• Conrad Chuang

How United Technologies made MDM a central piece of its supply chain strategy

Updated: Jun 12, 2018

How master data management can contribute to enterprise strategy was the topic of a recent case study delivered at the MDM/DG Summit in New York by Lydia Tilsley and Larry Keyser from the United Technologies Corporation, or UTC. Their highly informative talk described how their MDM project became an enterprise initiative with executive visibility that is central (literally, see beneath) to UTC's supply chain transformation efforts.

The scale of the data management problem is big. The United Technologies Corporation is a sixty-five billion dollar company with millions of parts and suppliers that require the full complement of master data management features. Here's a selection of the more important capabilities that UTC considers to be key to their supplier MDM program:

Tilsley and Keyser applied the capabilities—and EBX's ability to generate role/use-case specific master data driven applications—to addressing a key issue in their organization: Supplier Designation (rating, certification and consolidation of suppliers). The project included imports from upstream systems, forms/UI, authoring/review/approval/governance workflows, audit trails, and was "stood up" in a couple of weeks. It was a big success.

Like all vendors we would love to claim that the technology deserves a huge portion of the credit for the program's success. While technology does deserve credit, like most vendors we also know that technology plays a supporting, not leading, role. When considering the problem from the "people, processes and systems" perspective-the systems, or technology, are a small piece of the MDM puzzle. At UTC, as it is in most organizations, the master data management problem is much more about people and processes (or the internal politics) than systems. One reason is master data's cross cutting nature. Because master and reference data are shared across the organization program teams have to satisfy a lot of different stakeholders. Successful program teams have strategies for navigating the political environment, facilitating change management, end user adoption … and (as you'd might have guessed) fostering business and IT collaboration.

The importance of business and IT collaboration was a point that Tilsley and Keyser drove home again and again (it started with their very first slide). They noted that they were one of the few case studies at the summit to feature distinctive voices from both sides. In fact they pointed out how specific capabilities in EBX, when combined with input and feedback from the business, facilitated their efforts to change the culture and address the all important "people" side of the equation.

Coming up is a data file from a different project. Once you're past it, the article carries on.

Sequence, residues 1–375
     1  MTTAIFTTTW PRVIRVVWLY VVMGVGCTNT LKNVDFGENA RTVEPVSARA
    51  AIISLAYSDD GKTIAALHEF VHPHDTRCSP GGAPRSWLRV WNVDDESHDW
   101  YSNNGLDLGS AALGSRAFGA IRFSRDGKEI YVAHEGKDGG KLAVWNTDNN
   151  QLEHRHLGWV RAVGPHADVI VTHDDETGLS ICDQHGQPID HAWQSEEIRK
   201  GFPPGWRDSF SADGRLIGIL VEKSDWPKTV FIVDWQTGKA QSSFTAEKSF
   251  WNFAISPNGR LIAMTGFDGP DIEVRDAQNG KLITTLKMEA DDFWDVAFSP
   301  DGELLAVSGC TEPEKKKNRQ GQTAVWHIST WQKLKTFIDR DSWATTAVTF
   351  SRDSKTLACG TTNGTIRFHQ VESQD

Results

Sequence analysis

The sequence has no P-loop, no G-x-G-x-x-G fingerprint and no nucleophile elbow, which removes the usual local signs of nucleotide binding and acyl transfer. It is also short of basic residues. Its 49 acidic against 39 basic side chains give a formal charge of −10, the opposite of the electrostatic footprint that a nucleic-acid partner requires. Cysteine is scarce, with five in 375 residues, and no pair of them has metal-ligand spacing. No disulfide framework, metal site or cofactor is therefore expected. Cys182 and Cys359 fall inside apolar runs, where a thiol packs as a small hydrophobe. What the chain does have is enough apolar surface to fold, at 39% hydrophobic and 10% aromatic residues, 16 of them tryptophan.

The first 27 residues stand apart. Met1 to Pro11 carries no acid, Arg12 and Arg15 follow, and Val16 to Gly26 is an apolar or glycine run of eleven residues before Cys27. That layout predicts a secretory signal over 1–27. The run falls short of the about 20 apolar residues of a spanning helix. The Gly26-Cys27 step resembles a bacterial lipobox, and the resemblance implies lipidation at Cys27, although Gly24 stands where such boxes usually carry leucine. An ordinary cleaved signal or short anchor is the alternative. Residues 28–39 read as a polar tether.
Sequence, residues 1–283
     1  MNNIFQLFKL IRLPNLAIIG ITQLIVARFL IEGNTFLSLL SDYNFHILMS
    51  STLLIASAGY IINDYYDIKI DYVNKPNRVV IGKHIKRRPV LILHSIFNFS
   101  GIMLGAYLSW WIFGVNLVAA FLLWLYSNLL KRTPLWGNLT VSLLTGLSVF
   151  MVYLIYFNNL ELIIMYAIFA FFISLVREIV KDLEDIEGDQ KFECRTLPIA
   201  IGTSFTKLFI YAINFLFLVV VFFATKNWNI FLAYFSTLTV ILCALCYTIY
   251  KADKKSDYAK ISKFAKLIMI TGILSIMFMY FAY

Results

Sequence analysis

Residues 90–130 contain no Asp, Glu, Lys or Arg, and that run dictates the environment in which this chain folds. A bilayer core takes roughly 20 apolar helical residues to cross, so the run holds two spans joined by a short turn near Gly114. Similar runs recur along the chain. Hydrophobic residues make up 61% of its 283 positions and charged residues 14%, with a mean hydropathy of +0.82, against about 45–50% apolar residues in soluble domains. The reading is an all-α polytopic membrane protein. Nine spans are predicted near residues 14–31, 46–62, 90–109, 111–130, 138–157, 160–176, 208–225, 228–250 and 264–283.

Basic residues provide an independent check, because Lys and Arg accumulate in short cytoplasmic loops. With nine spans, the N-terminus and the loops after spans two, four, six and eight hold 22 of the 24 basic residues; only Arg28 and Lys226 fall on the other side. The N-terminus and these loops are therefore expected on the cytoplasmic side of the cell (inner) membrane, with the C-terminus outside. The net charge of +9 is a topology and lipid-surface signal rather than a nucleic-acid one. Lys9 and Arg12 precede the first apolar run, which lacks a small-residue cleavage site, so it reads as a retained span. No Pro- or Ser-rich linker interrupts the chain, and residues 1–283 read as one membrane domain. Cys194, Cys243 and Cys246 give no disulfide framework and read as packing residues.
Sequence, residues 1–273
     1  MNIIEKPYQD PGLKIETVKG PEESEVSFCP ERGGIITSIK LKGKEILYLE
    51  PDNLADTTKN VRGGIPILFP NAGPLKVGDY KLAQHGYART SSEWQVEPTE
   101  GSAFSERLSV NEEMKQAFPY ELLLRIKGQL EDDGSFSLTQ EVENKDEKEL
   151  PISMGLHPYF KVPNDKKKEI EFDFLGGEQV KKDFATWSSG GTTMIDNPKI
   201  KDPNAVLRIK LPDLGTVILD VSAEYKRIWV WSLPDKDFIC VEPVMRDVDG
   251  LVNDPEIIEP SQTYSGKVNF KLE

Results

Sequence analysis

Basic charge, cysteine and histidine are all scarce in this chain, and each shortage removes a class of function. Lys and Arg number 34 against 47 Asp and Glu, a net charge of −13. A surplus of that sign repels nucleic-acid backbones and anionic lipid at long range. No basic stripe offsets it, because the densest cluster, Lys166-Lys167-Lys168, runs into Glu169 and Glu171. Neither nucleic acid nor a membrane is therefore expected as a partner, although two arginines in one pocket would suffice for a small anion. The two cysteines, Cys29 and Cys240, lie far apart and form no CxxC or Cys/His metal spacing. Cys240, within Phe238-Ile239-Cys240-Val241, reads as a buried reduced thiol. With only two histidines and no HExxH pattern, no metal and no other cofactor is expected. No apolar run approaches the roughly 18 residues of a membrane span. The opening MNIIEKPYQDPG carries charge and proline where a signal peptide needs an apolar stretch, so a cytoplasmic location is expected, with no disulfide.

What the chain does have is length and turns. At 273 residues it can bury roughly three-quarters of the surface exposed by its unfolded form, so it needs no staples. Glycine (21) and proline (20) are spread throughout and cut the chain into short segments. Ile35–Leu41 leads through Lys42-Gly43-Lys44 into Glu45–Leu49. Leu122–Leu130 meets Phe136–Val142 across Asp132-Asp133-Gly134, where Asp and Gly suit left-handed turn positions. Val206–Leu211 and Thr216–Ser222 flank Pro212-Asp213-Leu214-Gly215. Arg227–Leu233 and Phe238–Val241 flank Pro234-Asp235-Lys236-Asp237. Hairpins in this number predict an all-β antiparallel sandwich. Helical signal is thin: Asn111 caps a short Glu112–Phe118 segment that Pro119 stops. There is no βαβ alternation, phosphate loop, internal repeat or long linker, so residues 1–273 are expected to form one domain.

The importance of the Supplier Designation project was that this application helped change Operation's culture by providing a concrete tool that business teams could use to experience the value of high quality master data. The application created excitement (we can see up-to-date hierarchies!) that led to new ideas about how to use the data. For example, Tilsley even mentioned how Hurricane Joaquin factored in. Team members were asking "Now that we know the suppliers addresses, can we figure who might be at risk?" Tilsley and Keyser knew the initial excitement was transitioning into culture change when they started hearing business users discuss master data management and master data issues around the water cooler. Master data was becoming part of the vocabulary of Operations. And they knew the program at been taken to the next level when the VP for Operations, in his corporate presentations about the transformation of UTC's supply chain, featured master data management (and EBX) at the very center of the enterprise system.

A final note

What's also notable, is that UTC is not just a great example of business and IT engagement, they're also a great example of how multidomain MDM programs create value. (n.b. For clarity's sake we're using the Gartner definition of multidomain, or a single platform/system that holds multiple domains of reference or master data. Multidomain is not equivalent to MDM of multiple domains, when multiple software solutions are used.) At UTC, operations is just one of the many areas where EBX is being used. Another key area is Finance. The Corporate Controller's office keeps finding new ways to expand its use of EBX with projects in Tax to Financial Reporting, to Controls. What is unique is all of this activity is happening in one single, simply licensed platform, EBX. This means master data teams from Operations to the Corporate Controller and beyond share the same technical foundation, can swap resources, consolidate/harmonize reference data, and create/maintain cross domain relationships/hierarchies/workflows—creating not just economies of scale but new ways of looking at the organization.

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